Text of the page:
Complications that may occur during bone marrow transplantation include:
Graft versus Host - GVHD reaction (allogeneic transplantation only)
Somatic Cell Deficiency (Transplant)
New types of cancer
When new somatic cells enter the body, they begin to spread throughout the body, including the bone marrow. Over time, they increase in number and begin to create new healthy blood cells. This is called engraftment. It usually takes several weeks before the number of blood cells in your body begins to normalize. For some people, this may take longer.
On the days and weeks after bone marrow transplantation, blood test is taken and other tests performed to monitor condition.
After bone marrow transplantation, patient is under direct medical monitoring. If you there are infectious or other complications, patient may need to stay in hospital for several days or sometimes longer. Depending on the type of transplant and the risk of complications, patient needs to stay close to the hospital for several weeks or months in order to carry out careful monitoring.
Patient may also need to periodically transfuse red blood cells and platelets until the bone marrow begins to produce enough of these cells on its own. Patient may be at greater risk of infection or other complications for several months to several years after transplantation.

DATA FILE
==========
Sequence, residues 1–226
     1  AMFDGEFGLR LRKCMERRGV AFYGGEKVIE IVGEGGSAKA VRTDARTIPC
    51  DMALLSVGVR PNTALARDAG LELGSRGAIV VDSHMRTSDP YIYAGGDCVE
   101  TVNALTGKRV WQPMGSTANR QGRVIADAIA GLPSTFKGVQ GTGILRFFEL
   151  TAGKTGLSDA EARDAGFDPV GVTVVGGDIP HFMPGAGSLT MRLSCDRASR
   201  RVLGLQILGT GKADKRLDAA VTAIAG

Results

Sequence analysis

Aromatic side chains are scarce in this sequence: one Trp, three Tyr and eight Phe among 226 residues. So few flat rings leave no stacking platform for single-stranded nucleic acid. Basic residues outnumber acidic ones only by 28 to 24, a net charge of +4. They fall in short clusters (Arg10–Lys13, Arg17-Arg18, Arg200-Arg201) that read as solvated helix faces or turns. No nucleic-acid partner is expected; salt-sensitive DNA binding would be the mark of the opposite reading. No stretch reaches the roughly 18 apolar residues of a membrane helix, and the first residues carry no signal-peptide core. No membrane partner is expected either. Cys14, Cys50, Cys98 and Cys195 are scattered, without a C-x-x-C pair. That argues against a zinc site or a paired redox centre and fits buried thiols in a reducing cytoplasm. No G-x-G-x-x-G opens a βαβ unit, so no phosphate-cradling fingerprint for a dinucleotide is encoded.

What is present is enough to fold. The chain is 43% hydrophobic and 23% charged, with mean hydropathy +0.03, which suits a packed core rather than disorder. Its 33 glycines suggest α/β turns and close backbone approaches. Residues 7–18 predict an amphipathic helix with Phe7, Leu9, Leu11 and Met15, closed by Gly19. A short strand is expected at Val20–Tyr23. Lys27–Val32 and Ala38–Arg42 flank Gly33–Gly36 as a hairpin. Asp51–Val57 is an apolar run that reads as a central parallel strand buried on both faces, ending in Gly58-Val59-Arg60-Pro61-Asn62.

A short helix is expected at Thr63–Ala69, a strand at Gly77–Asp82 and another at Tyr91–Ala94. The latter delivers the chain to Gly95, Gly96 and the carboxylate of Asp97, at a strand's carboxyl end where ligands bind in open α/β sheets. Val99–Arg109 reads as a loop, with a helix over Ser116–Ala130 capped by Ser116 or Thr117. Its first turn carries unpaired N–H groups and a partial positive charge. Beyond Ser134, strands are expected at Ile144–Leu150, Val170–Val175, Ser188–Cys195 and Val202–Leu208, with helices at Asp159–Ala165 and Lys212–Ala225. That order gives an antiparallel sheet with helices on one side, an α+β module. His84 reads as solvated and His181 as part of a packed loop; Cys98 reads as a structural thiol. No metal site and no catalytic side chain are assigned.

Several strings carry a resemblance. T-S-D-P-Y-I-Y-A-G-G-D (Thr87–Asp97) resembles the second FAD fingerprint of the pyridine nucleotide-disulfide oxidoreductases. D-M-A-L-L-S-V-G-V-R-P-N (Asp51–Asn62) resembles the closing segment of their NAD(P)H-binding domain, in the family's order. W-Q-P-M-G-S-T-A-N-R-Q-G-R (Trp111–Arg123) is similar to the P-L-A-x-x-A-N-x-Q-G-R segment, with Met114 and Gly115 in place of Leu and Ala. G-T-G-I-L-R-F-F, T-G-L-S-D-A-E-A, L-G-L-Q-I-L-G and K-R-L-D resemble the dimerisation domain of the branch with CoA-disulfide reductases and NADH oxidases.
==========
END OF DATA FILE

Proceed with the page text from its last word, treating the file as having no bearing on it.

BMT can lead to a cure for some diseases, some diseases pass through remission due to BMT. Bone marrow transplant goals depend on individual situation, but usually include controlling or treating the disease, prolonging life, and improving quality of life.
Some people undergo bone marrow transplantation with minor side effects and complications. Others experience many complex problems, both short-term and long-term. The severity of side effects and the success of transplantation vary from person to person, and sometimes it can be difficult to predict the moment before transplantation.
This can be discouraging if serious problems arise during the transplantation process. However, it is sometimes useful to remember that there are many survivors who also experienced very difficult days during the transplantation process, but ultimately successfully completed the transplantation and returned to normal activities with a good quality of life.